Harvester Press, Sussex, England, 1979.
Second edition, 1995.

THE voice that connected him to what he had done faded, but before he lost it he heard the news. The music stopped with pips like those that used to interrupt programmes during the war. The announcer's voice sounded controlled, but David was sure it was frightened too. Boom. His was no distant act of sabotage. They knew that his act meant real danger to them. The voice, hiding its fright, said, 'The area around the station has been cordoned off' Ha! They were taking notice now. Police and ambulances were being rushed in. joy made his hands tremble. He gripped the steering wheel more firmly. Nothing was known about the cause of the explosion. Ha, Ha! he shouted to the voice. The police suspected a bomb. I did it. I did it. The city was trickling away behind him. The voice gave way to crackle and static. He switched it off At last. He had done it. It had been done. Boom. At last the dam of tyranny and pent up rage had been blasted. Water would flow over all the land. When he had phoned The Star, he had said, 'This is the beginning.' Now they would all wait for more acts of terror. They would not sleep their fat and insolent sleep. They would know that the misery they poured every day on the suffering and the poor was about to be poured on them. They were being brought to justice. And he was the one who had done it.

The sunny road sped under him. He started to sing a passage from the Messiah. 'Thou shalt break them. Thou shalt break them with a rod of iron.' Crash, the cymbals met. Boom. He heard this joyful act. Boom. 'Thou shalt dash them in pieces like a potter's vessel. In pieces. In pieces.' The deep male voice would sing that promise of justice. Joan would be sitting there in the orchestra, ready to bring her cello to voice too, to sing the praise of justice. 'In pieces. In pieces.' He had no truck with Joan's God who never got round to doing the job, all promises. He, David, had started it. Boom. He had made the bomb and planted it. Now it had burst, and now the seed was scattered, flashed in terror over the whole land.

Cumulus clouds were gathering over the green fields of mealies, building high baroque structures in the blue sky. They matched the grandeur he felt. Their majesty calmed him.

He would reach the border by evening. He would meet Philip. He hadn't told Philip. There had been no time for discussion. But Philip would see it had been right. Once they had François and Trevor anyhow, it was right. There was no more time for patience.

The villages he passed through looked peaceful, as though the news hadn't touched them yet. It would. A slow dust stirred the stoep of the Grand Hotel, the reflection of his car in the window of a cafe where there might be a customer drinking a cup of coffee at this hour, or blasting a pinball machine. Everything looked as though nothing had happened. But it had. He had started the end. Boom.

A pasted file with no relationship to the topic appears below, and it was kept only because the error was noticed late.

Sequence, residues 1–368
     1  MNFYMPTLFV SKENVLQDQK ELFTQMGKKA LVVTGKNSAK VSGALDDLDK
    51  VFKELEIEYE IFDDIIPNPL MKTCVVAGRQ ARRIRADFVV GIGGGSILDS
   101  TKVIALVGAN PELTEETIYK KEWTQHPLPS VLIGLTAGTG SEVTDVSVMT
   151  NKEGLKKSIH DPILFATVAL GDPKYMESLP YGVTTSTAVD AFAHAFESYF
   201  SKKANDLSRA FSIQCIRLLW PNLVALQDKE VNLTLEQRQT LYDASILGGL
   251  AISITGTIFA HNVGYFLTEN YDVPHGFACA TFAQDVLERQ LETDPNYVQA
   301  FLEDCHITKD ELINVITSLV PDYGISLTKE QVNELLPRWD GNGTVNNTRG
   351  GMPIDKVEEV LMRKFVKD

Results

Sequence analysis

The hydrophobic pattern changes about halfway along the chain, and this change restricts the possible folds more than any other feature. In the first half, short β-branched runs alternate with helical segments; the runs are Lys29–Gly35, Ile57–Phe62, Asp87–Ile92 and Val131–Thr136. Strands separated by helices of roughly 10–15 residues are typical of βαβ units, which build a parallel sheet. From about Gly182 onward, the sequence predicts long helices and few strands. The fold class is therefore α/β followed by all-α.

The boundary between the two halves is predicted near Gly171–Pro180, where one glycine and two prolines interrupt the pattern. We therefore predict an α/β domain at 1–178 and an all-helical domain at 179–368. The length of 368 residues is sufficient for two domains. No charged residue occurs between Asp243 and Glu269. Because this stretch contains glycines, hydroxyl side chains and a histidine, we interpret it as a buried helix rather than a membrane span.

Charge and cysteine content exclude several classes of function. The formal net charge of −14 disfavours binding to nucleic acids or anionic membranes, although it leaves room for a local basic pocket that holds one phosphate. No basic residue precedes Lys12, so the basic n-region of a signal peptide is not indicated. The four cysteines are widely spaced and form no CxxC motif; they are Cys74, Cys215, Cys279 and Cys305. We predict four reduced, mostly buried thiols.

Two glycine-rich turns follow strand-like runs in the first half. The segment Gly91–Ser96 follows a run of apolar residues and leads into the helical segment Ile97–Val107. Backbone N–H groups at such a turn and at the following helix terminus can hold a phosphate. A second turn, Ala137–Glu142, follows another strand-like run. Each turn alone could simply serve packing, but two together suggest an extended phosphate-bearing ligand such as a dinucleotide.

He passed a single African walking it seemed from nowhere to nowhere. The man wore his shoes dangling at his shoulders, the laces tied around his neck. He wanted to stop and confide in him. For your sake ... So that it would not in future be only whites who could own and ride cars. So that there would be some other lot for them than this barefoot trudging in the heat, the emptiness, breathing in the dust of the white man's car that swept past him. Curbing the pity and joy that welled in him, he drove without stopping. He must get to the Basutoland border by night.

It would probably take some time to arrange the security measures and the manhunt they would set up after him. If he could make it to the border in good time there would be no problem. He would go to the house where Philip would be waiting for him. Once out of South Africa it would be possible to get to England.

The clouds had piled up, and the south he was driving to looked dark. It would rain before he reached the border.

New Fiction Society Choice, October 1979.

Reprinted as THE SCHOOLMASTER, Ravan Press, Johannesburg, South Africa, 1981.

"Rose Moss communicates not just the emotions of one man in an extreme situation but the feelings and impulses of everyone who has ever stood, helpless and enraged, in a situation where injustices were being done and felt he could do nothing to change them or help the victims."
Hilary Bailey,
New Fiction Society, OCTOBER CHOICE, 1979

"This novel is exemplary in every way: in character, plot and the fluency with which it is written."
Heather Lawton,

"...the author's excellent..."
Novemer 1979

"...Rose Moss's words to action,making it enter living history, which is fiction." 
Autumn 1980

"...delves brilliantly into the heart and head of a man tortured by... privileges." 
29 November, 1979